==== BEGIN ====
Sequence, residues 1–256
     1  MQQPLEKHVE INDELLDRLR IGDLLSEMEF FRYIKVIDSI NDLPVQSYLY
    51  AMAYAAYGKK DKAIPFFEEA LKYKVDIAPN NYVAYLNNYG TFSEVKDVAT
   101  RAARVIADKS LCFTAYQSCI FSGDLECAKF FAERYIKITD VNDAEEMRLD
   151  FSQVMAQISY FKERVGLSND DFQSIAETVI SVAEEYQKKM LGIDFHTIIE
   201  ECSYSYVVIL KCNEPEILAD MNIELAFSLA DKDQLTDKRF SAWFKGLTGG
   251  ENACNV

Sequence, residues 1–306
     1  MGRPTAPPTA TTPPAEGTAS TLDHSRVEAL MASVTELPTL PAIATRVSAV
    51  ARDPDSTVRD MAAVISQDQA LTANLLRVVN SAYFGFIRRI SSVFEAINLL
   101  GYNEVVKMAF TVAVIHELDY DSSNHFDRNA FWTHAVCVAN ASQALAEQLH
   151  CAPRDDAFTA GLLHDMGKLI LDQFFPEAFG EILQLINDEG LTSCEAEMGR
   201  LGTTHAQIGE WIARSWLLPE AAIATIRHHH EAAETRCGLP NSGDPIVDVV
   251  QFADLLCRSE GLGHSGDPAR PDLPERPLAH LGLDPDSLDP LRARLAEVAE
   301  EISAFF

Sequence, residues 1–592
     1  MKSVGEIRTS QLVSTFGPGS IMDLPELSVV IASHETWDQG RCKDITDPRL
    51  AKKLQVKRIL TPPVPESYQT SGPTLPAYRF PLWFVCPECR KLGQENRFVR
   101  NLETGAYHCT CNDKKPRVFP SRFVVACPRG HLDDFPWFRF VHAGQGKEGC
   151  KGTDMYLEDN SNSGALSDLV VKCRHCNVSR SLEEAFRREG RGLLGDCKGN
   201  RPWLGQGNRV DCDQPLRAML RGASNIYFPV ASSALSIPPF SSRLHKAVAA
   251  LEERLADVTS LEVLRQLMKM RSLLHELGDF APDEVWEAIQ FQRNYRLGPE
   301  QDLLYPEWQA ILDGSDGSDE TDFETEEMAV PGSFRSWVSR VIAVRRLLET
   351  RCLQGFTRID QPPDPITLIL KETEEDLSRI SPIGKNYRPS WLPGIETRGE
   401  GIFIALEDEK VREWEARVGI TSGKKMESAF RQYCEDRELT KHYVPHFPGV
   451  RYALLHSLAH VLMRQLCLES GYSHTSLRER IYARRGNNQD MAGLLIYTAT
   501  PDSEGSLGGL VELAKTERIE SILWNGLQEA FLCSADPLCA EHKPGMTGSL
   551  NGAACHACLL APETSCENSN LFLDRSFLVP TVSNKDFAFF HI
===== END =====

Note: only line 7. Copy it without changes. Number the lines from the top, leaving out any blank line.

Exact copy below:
   251  ENACNV